By Paul Draper
As you will all know these have been difficult and worrying times as we all try to protect ourselves, our families and our neighbours from Covid 19. It has meant the postponement and cancellation of so many carefully planned events. We, Fairlight History Group, had a full program of meetings for 2020 but we have had to put everything on hold until we can get back to something approaching normality. We will get there but not just yet.
On our calendar for 15th July we had scheduled a trip down the cliffs to the beach and a search for Iguanadon footprints and anything else of interest. There were too many problems to overcome with Covid 19 restrictions and that was before we considered the Health and Safety aspect for our members. Accordingly the organised trip, to be led by well-known local geologist, Ken Brooks, was postponed ufn.
However, three of us, Ken, Haydon Luke and I, decided to have a recce of the beach and the cliffs but using the much longer and safer route of Fairlight Glen. The weather was warm and overcast but the rain promised to hold off. We also knew that the tides were suitable for our trip on the afternoon of the 15th July, so we decided to go ahead.
We parked our cars near Place Farm, behind Fairlight Place and set off to commence the long descent of Fairlight Glen. (The region is all part of Hastings Country Park so Ken had notified Hastings of our plans). The glen is very green and lush and the descent past the old favourite visitor spot of the Dripping Well is very enjoyable. If you have seen the multitude of old postcards picturing the Dripping Well in the past, it was a short but scenic small waterfall but clearly it is no longer the same. Additionally, just around the corner from this was the other favourite with visitors, the Lovers’ Seat. This was a prominent flat rock that protruded from the cliff face, where people used to gather and look at the views out to sea. Sadly many years ago this was a victim of cliff erosion and now nothing remains. There is a whole story attached to the Lovers’ Seat and a whole postcard industry once existed around this location. There was even a chalet located nearby serving teas and all other refreshments. This has also long since gone.
After walking past a sign that said ‘Footpath closed’ and carefully negotiating the steps carved out of the clay, we clambered across some slippery stones placed to guide you and eventually we reached the beach. This last section is potentially hazardous so if you ever attempt it, approach with caution. We noticed a second sign painted on a piece of wood that said ‘Clothing Optional Beach Ahead’, but fortunately there were no takers on the day. Then we stepped on to the beach.
We headed east along the shingle, stopping to examine some of the rocks and look up at the cliffs. It is a fascinating scene, but walking on shingle is hard work. Although we only walked about a mile, it felt like ten. All along the beach there are rocks of all sizes, some as large as a small garden shed. Most are still located at the foot of the cliffs from which they have recently fallen, but some have moved out and into the sea. Also there are some wide areas of glacier-like slides consisting of clay, mud and smaller rocks lining the beach, creating a strange atmosphere. Eventually we passed a feature known as Lee Ness Ledge and then walked the last few hundred yards to the rocks previously known to have contained the footprints. During this last section we were watched by a seal who kept surfacing and calling to us.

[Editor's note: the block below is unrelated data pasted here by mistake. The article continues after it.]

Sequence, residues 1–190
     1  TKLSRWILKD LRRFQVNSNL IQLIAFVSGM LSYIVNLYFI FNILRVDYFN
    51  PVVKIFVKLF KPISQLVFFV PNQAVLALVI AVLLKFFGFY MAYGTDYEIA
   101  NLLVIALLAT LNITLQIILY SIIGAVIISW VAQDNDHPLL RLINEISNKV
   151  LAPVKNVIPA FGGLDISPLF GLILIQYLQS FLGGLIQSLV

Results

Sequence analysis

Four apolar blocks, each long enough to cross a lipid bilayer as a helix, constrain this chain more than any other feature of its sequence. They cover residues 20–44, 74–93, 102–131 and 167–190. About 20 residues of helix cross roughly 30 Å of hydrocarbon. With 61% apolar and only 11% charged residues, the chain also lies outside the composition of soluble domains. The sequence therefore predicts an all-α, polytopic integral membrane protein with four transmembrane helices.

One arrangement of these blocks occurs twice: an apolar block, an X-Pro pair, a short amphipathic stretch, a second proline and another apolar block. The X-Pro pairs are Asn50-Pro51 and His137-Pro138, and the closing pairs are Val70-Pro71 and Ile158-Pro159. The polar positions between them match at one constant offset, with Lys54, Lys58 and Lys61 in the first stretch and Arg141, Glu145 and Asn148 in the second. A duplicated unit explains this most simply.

Ken raced ahead to the first of these rocks and started his search. Storms and heavy seas continually move the rocks and cause further erosion and Ken could not find the footprint he had seen last time. However, after a few minutes there was the rock of all rocks! It is propped up at about sixty degrees with three perfect footprints facing out towards the sea. The specimen is the best Ken has seen in his long history of studying this area. It presented itself perfectly for photography, facing due south. As you can see from the attached it is undeniably a set of three footprints, with a much fainter possible fourth. They are all in a line and give a clear indication of the size of this creature. The two photographs show the location of the rock, relative to the cliff and the detail of the footprints. In the middle of the rock you can see a ten centimetre measure, with black and white squares at centimetre intervals. From this you can determine the size of each footprint.
Although the remains of many different species have been found in our general area, the Iguanadon is by far the largest and best known. They lived between about 150 and 90 million years ago in the Cretaceous period and, despite their upright appearance they were herbivores.
Sadly, these footprints only become exposed from time to time by the ongoing erosion of our cliffs. Rocks will continue to fall but we must emphasise just how potentially dangerous this environment can be. Most of the time, the cliffs look static and stable, but rocks can become detached at any time, so always be vigilant.
If you want to see these footprints with your own eyes, we can give you details of their approximate location. They are located on the boundary between Fairlight and Hastings, to the south of the last of the houses in Channel Way. However, with no visible reference points on the beach, this might vary by up to a hundred yards or two. Please contact us for further assistance.
We know that these amazing footprints have been seen by the residents of Fairlight for a long time, but they always wash away eventually and are lost to us. If you have photographs or stories you wish to share, kindly let us know.
We hope to re-organise our trip to see these again, so please keep in touch.
By Paul Draper (July 2020)